What Are Factors?
The type or blend of factors deployed by investors depends largely on their risk tolerance and underlying objectives. Factor-based strategies have been known to help investors improve returns and lower risk over long-term horizons. This is true of single-factor strategies as well as those seeking exposure to multiple factors at the same time.
Portfolios gain exposure to factors through a combination of historical analysis, selection, weighting and rebalancing in favor of assets that meet certain characteristics, such as enhanced risk-adjusted returns or low volatility. In practice, investors can gain exposure to factors through quantitative, actively-managed funds.
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Types of Factor Investing
Macroeconomic factors capture broad risks across asset classes. They include things like economic growth, interest rates, inflation and emerging markets.
Style factors are used to help explain returns and risks with specific asset classes. Things like value, momentum, minimum volatility, quality and size are all examples of style factors.
While there are several actively-managed mutual funds that offer factor investing, exchange-traded funds (ETFs) are the vehicle of choice for most investors. This holds true despite the fact that some mutual funds offer higher factor exposure than smart-beta ETFs. There could be many reasons why investors prefer ETFs over mutual funds, but the most likely explanation is the relative underperformance of factor-based mutual funds compared to their ETF counterparts. Higher fees are another reason why ETFs are more popular.
That being said, factor investing through mutual funds is still a worthwhile endeavor, depending on your investment goals. The Vanguard U.S. Multifactor Fund Admiral Shares (VFMFX) and the Global Minimum Volatility Fund Admiral Shares (VMNVX) are two prominent examples.
Below is an illustration of so-called systemic factors, which form the basis of most factor-based strategies. As you can see, most of these fall under the umbrella of style factors.
Benefits and Drawbacks of Factor Investing
During the height of the bull market in 2017-18, every factor except value was outperforming the market. However, factors such as momentum are hit-and-miss. Momentum was the best-performing factor in 2017, but it has offered no aggregate value over the previous ten years because of the financial crisis in 2008-09. As such, factor investing can be highly cyclical and prone to fluctuations.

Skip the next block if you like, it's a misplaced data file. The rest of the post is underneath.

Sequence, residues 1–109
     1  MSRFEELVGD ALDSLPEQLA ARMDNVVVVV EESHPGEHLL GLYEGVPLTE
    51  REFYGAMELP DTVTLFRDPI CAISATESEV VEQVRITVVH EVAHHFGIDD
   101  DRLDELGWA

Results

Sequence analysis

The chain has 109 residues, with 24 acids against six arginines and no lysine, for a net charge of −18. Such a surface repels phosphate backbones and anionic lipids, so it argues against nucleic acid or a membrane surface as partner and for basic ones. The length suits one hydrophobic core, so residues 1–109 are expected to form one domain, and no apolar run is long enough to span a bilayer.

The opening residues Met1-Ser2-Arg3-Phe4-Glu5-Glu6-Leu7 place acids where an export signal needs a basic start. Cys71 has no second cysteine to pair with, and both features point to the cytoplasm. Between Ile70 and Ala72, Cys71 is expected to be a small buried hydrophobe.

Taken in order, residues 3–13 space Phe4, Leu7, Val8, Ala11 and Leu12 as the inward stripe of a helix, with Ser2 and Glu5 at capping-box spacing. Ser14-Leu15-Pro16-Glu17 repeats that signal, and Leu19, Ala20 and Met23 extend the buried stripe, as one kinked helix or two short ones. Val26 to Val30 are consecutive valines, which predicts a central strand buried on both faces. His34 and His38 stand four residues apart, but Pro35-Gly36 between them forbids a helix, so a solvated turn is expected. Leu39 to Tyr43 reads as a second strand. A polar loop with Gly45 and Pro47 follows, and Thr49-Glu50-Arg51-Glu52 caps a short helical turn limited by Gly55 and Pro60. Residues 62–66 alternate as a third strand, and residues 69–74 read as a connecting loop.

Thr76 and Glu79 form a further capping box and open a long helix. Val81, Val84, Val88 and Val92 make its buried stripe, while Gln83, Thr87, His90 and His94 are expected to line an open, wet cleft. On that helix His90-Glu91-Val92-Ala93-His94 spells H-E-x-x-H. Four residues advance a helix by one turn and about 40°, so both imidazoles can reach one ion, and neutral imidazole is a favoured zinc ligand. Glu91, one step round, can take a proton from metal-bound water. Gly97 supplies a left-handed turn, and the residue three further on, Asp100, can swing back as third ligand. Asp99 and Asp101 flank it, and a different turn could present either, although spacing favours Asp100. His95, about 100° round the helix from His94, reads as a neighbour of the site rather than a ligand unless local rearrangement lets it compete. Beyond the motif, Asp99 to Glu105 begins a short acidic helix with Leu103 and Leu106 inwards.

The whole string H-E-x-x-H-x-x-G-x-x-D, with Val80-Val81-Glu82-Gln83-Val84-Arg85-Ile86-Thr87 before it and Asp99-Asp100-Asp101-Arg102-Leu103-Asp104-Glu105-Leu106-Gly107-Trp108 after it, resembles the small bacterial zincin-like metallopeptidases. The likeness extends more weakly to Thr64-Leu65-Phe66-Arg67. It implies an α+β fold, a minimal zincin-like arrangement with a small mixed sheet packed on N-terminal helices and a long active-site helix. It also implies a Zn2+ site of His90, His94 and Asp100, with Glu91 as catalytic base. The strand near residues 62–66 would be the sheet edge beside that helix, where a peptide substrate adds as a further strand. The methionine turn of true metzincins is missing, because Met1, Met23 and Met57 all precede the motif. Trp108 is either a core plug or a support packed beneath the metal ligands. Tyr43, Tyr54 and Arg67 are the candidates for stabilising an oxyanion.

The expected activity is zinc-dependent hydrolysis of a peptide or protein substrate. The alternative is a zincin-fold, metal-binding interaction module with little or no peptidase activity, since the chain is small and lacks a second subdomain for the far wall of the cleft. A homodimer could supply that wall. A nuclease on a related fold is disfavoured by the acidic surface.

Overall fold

Additionally, research from Robecco Institutional Asset Management found excess returns for low-beta, value and small-cap funds but no consistent returns for momentum and reversal funds.
In terms of other advantages, many factor-based strategies provide exposure to multiple factors within one vehicle, which gives investors a better shot at achieving their desired outcomes. Additionally, factor-based models represent a broad universe, which means diversification across many asset classes and factors is possible. Finally, advances in technology and data analysis allow investors to take advantage of factor-based models using more enhanced tools and processes.
On the opposite side of the spectrum, factor investing has a few notable drawbacks. For starters, no single factor works all the time. In fact, returns tend to be cyclical, which means extended periods of underperformance are possible and even likely. What’s more, the market for factor-based strategies has become more crowded in recent years, making it more difficult to pick out funds that will produce the desired results. Poorly constructed strategies can actually give you unintended exposures to factors you did not target initially. And because these strategies are actively managed, you can expect to pay more in terms of management fees.
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The Bottom Line
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